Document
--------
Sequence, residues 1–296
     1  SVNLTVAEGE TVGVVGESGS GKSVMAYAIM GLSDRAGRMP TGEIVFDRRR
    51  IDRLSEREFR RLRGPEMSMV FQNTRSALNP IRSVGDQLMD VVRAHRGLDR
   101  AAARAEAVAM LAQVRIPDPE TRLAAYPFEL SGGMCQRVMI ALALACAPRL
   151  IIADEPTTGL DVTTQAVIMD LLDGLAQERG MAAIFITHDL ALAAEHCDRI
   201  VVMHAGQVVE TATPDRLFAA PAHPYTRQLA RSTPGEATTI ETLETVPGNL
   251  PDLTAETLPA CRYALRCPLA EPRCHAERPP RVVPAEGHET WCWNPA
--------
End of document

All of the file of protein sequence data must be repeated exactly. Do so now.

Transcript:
Sequence, residues 1–296
     1  SVNLTVAEGE TVGVVGESGS GKSVMAYAIM GLSDRAGRMP TGEIVFDRRR
    51  IDRLSEREFR RLRGPEMSMV FQNTRSALNP IRSVGDQLMD VVRAHRGLDR
   101  AAARAEAVAM LAQVRIPDPE TRLAAYPFEL SGGMCQRVMI ALALACAPRL
   151  IIADEPTTGL DVTTQAVIMD LLDGLAQERG MAAIFITHDL ALAAEHCDRI
   201  VVMHAGQVVE TATPDRLFAA PAHPYTRQLA RSTPGEATTI ETLETVPGNL
   251  PDLTAETLPA CRYALRCPLA EPRCHAERPP RVVPAEGHET WCWNPA